Plain and dark-haired in a clan of tall, blonde Hurlingfords and always dressed in brown to save money, it is now looking likely that Missy will remain single, but she has never given up hope of one day owning a red dress and escaping from her humdrum existence. The romance novels provided by her librarian friend Una are her ‘only solace and sole luxury’ – until one day a stranger arrives in Byron. His name is John Smith and he has bought land in the valley nearby. Has Missy found a way to escape at last?

The Ladies of Missalonghi is in many ways a typical romance novel but it’s an enjoyable one and has a few elements that I found particularly interesting. First, there’s the portrayal of the fate of unmarried women in the years just before World War I, women like Missy, Drusilla and Octavia who lack financial independence and have limited options for improving their position in life. The women of Missalonghi have been treated badly by the men they are forced to rely on for support and scorned by the wealthier, more privileged Hurlingford women. Missy is determined to see these people get their comeuppance, but I won’t tell you how she goes about it as that’s part of the fun of the story!

There’s also a supernatural element that I wasn’t expecting – quite a subtle one, but it’s there and I’m not really sure that it was necessary, particularly as it only emerges at the end and there weren’t any clues to suggest that it was going to happen. On the other hand, it fits with the whole fairy-tale feel of the plot (with Missy as Cinderella). It was actually the romantic thread of the novel that I found least interesting as there didn’t appear to be any chemistry between hero and heroine and their relationship seemed to be based on lies and deceit.

As for the plagiarism issue, I have never read The Blue Castle so can’t comment. McCullough denied the allegations, saying the similarities were unintentional – she had read the book as a child and the details must have stayed with her subconsciously. Whether that’s the truth or not, I can’t see why an already successful author would do something like that deliberately, knowing she would be found out. I’ll have to read The Blue Castle one day to see what I think.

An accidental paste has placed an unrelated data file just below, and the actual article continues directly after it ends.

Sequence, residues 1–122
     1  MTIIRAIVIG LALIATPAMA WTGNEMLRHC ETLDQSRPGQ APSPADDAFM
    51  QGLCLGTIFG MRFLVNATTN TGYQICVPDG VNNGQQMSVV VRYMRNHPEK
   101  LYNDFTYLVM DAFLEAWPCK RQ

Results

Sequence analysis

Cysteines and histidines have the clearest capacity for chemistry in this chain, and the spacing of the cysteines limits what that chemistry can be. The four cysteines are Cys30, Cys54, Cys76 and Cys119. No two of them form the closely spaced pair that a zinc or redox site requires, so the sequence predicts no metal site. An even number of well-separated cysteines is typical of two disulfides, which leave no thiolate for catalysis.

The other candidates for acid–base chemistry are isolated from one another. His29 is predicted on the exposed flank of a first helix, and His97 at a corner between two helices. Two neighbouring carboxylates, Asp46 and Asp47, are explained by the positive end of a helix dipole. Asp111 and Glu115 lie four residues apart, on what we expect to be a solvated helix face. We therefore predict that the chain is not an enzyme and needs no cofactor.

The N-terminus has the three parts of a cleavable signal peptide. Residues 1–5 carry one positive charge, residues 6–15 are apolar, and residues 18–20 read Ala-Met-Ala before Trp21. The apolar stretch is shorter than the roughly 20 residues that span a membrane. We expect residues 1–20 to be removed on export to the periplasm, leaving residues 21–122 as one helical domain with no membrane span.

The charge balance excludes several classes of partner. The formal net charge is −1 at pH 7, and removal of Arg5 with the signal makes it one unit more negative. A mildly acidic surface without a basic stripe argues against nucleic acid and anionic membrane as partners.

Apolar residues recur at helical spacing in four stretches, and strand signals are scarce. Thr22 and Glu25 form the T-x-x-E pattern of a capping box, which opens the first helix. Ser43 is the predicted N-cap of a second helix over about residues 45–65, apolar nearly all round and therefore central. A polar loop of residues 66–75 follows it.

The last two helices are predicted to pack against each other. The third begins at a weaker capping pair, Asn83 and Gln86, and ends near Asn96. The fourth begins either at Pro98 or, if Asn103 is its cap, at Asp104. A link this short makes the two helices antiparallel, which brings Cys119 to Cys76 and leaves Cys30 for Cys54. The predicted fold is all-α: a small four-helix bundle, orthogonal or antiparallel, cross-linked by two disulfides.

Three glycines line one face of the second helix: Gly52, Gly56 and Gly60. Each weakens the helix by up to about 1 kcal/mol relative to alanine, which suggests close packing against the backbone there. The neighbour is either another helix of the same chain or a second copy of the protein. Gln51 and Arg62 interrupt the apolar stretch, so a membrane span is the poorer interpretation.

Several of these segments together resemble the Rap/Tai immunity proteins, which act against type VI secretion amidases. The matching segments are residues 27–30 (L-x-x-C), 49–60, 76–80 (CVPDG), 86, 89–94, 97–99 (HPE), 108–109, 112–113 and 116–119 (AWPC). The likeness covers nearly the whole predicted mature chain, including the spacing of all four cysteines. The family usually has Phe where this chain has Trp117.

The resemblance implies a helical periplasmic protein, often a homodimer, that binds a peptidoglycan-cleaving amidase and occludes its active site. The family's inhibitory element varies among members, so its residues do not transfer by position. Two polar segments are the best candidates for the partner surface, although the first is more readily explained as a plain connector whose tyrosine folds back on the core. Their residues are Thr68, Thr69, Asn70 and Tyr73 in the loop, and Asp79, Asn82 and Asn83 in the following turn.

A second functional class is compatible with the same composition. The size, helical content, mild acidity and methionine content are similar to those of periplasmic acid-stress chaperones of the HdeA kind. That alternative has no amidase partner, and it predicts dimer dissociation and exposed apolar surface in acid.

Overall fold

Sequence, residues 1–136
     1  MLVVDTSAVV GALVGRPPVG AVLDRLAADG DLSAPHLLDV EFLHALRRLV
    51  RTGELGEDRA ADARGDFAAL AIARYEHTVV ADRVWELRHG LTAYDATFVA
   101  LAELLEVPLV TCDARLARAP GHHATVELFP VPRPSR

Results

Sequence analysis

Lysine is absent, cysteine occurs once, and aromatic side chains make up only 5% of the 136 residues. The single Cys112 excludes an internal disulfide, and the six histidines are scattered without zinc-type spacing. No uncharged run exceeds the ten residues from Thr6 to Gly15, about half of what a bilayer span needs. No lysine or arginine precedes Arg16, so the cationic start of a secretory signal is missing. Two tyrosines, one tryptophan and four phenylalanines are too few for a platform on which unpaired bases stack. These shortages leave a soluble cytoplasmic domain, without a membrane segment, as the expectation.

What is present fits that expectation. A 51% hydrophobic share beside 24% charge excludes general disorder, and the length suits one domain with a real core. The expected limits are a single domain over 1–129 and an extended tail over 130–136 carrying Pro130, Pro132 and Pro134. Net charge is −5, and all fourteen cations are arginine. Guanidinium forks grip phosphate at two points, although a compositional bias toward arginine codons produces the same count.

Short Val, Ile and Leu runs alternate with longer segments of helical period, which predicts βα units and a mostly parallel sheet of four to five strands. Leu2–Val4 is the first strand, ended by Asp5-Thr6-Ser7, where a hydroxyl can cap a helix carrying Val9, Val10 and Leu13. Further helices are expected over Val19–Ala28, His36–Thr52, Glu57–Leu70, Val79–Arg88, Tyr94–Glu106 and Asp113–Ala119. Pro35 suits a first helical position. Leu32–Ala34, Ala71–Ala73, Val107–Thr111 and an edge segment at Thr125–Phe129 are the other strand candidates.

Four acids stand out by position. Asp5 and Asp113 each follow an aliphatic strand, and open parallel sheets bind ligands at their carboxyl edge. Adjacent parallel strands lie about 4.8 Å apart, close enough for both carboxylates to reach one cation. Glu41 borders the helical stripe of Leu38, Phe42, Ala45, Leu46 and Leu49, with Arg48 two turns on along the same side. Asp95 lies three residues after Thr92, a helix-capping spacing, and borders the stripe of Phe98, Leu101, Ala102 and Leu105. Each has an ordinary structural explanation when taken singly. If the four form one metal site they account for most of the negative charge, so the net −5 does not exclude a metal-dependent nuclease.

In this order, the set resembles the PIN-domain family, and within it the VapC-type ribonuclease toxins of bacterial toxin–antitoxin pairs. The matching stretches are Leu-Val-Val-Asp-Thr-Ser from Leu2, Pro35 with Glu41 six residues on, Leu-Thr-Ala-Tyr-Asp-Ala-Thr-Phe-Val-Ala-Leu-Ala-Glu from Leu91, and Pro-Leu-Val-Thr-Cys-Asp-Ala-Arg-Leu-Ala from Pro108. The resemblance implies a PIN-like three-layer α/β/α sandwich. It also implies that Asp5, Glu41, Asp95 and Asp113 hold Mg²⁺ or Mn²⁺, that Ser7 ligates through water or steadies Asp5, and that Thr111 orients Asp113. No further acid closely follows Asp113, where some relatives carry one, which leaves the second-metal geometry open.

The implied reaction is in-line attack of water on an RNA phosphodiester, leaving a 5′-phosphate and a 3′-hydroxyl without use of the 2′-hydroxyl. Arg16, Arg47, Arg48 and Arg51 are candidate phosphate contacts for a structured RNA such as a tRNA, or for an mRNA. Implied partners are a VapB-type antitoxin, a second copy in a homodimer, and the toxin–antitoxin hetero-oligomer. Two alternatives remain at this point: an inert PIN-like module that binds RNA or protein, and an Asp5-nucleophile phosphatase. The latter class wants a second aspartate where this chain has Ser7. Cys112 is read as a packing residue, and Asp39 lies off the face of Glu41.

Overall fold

The Ghost Bride by Yangsze Choo

I originally intended to read The Ghost Bride for this year’s RIP challenge but ran out of time. I then thought it might be suitable for Chris and Lizzie’s Witch Week earlier this month (it seemed to fit their theme of Polychromancy – fantasy/sci-fi by authors from diverse backgrounds) but I didn’t finish it in time for that either. Never mind – I’ve read it now and enjoyed it, although it wasn’t really what I’d expected. Having previously read Yangsze Choo’s other novel, The Night Tiger, a story steeped in Chinese and Malaysian folklore but with only a small amount of magical realism, I had thought this book would be similar. However, I discovered that this one has a much stronger fantasy element.

The Ghost Bride is narrated by seventeen-year-old Li Lan, a young Chinese woman who lives with her opium-addicted father and her beloved amah (nursemaid) in 1890s Malacca, a city in what was then known as Malaya. The time has come for Li Lan to marry, but her father has fallen into financial difficulties and her options are limited. When she receives an offer from the wealthy Lim family to become the wife of their son, Lim Tian Ching, this should have been a wonderful opportunity for Li Lan, but instead she is horrified – because Lim Tian Ching is dead. This arrangement would provide financial security and comfort for Li Lan, but it would mean living the rest of her life as a widow.

Li Lan vows to resist the attempts of the Lim family to turn her into a ‘ghost bride’, but Lim Tian Ching has other ideas and begins to visit her in her dreams every night, claiming that he was murdered by his cousin, Tian Bai. Li Lan wants nothing to do with the whole situation, but when her soul becomes separated from her body during an illness, she finds herself thrust into the afterlife. In this world populated with ghosts and spirits, she must try to discover the truth about Lim Tian Ching’s death if she wants to have any chance of returning to her body and living in peace.

As you can probably tell, this is a book with a very strange plot – I’ve never read anything quite like it! It’s definitely not my usual sort of read and as I’ve said, I was expecting something more like The Night Tiger – historical fiction with just a little bit of fantasy. Instead, I found I was reading a book set almost entirely in the Chinese underworld, complete with dragons and ‘ox-headed demons’. It was interesting, though, and Yangsze Choo’s worldbuilding is excellent. I was fascinated by the way she incorporates the Chinese custom of burning ‘funeral money’ as offerings for the dead into the plot, with the paper money burnt in the real world corresponding to the appearance of paper houses, paper animals and even puppet-like paper servants in the afterlife.

Although a lot of time is spent on describing the bureaucracy of the world in which Li Lan finds herself, the court cases that take place in the Plains of the Dead and the ways in which the souls of the recently deceased are judged, the focus is always on Li Lan’s personal story and the people she meets in the underworld who can help her with her task. There’s even a touch of romance, although Li Lan’s love interest is certainly not Lim Tian Ching, whom she despises from the beginning. I won’t tell you who he is, but he ended up being my favourite character.

I felt that this book was longer than it really needed to be and some of Li Lan’s adventures in the Plains of the Dead were too drawn out, but overall I found The Ghost Bride an unusual and intriguing novel which has left me wanting to know more about the Chinese afterlife!